The Velvet Café

A room for thoughts about movies

….and the winner is a woman! – Musings over the Swedish Guldbaggen Awards

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Not only Hollywood knows how to celebrate itself each year with awards. Sweden does the same thing, although in a much smaller scale.

This annual event is called Guldbaggen. I don’t blame you if you’ve never heard of it. It’s been going on for 50 years, but from all I can get it’s an entirely Swedish affair.

Similarities and differences
There are some similarities to the Oscars: film professionals of all sorts dress up in tuxedos and dresses, put on a lot of make-up and smile into the camera since the show is broadcasted on national television.

Awards are given out in pretty much the same categories, though there are a little fewer of them – no special categories for sound editing and sound mixing, in Sweden it’s just “sound”. There are also only three nominations in each category instead of five. I guess it’s because we don’t make that many movies in Sweden.

Then we have the differences:  The “celebrities” aren’t real celebrities outside of their own world. And the winners don’t get golden statuettes in their hands. They get a humble, rather ugly beetle. It’s basically like watching a kick-off event for a random business enterprise where you don’t know anyone. Or think of it as the school theatre version of Hamlet compared to seeing it played at the National Royal theatre scene.

Usually I don’t blog about this event since I assume it doesn’t interest anyone outside of Sweden. I’ve also been rather unenthusiastic about Swedish films over the last few years. 2014 however is a little different from previous years. For one thing there were several Swedish movies that came out 2013 that I genuinely liked, movies such as Lukas Moodysson’s We are the Best, Lisa Langseth’s Hotell and Anna Odell’s The Reunion.

But there was another reason why the Guldbaggen Award event stood out to me this year, to the extent that I want to spread the word about it outside of the Swedish borders.

Female winners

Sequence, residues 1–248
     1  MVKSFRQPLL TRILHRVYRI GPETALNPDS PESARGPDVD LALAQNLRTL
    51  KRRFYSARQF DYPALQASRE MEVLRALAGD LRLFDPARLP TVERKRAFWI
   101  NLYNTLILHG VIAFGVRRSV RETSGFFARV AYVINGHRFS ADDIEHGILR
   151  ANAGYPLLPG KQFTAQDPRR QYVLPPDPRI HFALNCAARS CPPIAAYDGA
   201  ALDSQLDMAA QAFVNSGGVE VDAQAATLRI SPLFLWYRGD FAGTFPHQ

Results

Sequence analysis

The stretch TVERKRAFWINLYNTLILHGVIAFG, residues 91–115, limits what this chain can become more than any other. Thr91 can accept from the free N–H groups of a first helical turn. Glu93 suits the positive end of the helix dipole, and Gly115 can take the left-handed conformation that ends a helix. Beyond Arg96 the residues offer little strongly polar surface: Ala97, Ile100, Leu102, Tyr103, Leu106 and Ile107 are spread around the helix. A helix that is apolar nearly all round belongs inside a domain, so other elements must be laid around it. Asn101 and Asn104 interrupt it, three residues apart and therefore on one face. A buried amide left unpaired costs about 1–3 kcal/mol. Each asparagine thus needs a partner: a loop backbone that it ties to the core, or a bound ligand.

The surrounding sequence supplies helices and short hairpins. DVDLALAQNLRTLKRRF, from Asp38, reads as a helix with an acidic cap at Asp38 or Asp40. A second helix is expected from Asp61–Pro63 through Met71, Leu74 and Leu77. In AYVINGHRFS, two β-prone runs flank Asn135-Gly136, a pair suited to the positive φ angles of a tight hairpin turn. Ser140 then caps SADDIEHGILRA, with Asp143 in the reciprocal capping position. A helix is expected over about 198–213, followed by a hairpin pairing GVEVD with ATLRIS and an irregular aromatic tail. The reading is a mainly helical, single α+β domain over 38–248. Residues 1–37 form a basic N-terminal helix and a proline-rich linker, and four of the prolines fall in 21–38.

I don’t think I need to remind you of how men on a global level dominate the film industry and how rare it is that a female filmmaker is recognized with an award or even by being screened at for instance Cannes. Yes, Bigelow had her well-deserved statuette, but there isn’t much else to rejoice at.

And from this point of view, the gender equality, the Guldbaggen Awards were extraordinary. Women didn’t only win categories where women traditionally have appeared, such as make-up and costume. They won most of the categories with weight, the ones that get the headlines.

Here are some of the winners:

Best Film
The Reunion / Återträffen (Producer: Mathilde Dedye, director and writer: Anna Odell)

Best Short Film
On Suffocation (Director: Jenifer Malmqvist)

Best Documentary Film
Belleville Baby (Director: Mia Engberg)

Best Screenplay
The Reunion / Återträffen (Anna Odell)

The greatest thing about it was that not a single one of the awards that were handed out that night felt as if they were a result of reserving a certain quota for women for political reasons or whatnot. The awards were given out in fair competition and were well deserved.

Watching all of this I couldn’t help feeling a pang of national pride for an ever so brief moment. “This is how far we’ve come”, I thought to myself. “I wonder how many years it will be before we see an Academy Award show that looks anyway like this. Will it even happen in my lifetime?”

Then I noticed how bad the jokes of the in-between-the-award entertainers were and I was back down to Earth. Sweden is a small country. We’re pretty good at gender stuff – not so good at classy glamour. Despite deficiency in regards of female representation, you can’t beat the real thing. That’s just how it is.

But who knows, perhaps the Swedish example can serve as a source of inspiration from some young, aspiring female filmmaker out there who hope to one day receive the golden man in her hand? I hope so.


Written by Jessica

January 22, 2014 at 10:05 pm

3 Responses

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  1. Isn’t that three years in a row for female directors?

    On a related topic, maybe you know the answer to this. Can you tell me what the Best Foreign Language film winner has been the last two years? I never updated my Gulbagge list at my Lists from Chip site last year because I’ve been unable to find this out. All I’ve seen are three nominees for 2013 (Moonrise Kingdom, Laurence Always, Amour) and two for 2014 (Blue is the Warmest Color, La vie d’Adele), but no winners listed.

    Chip Lary

    January 23, 2014 at 5:28 pm

    • I think it might be actually. At least there was a female director who won last year.

      Re: Best foreign language: 2013= Amour, 2014= Blue is the Warmest Color.


      January 29, 2014 at 3:51 pm

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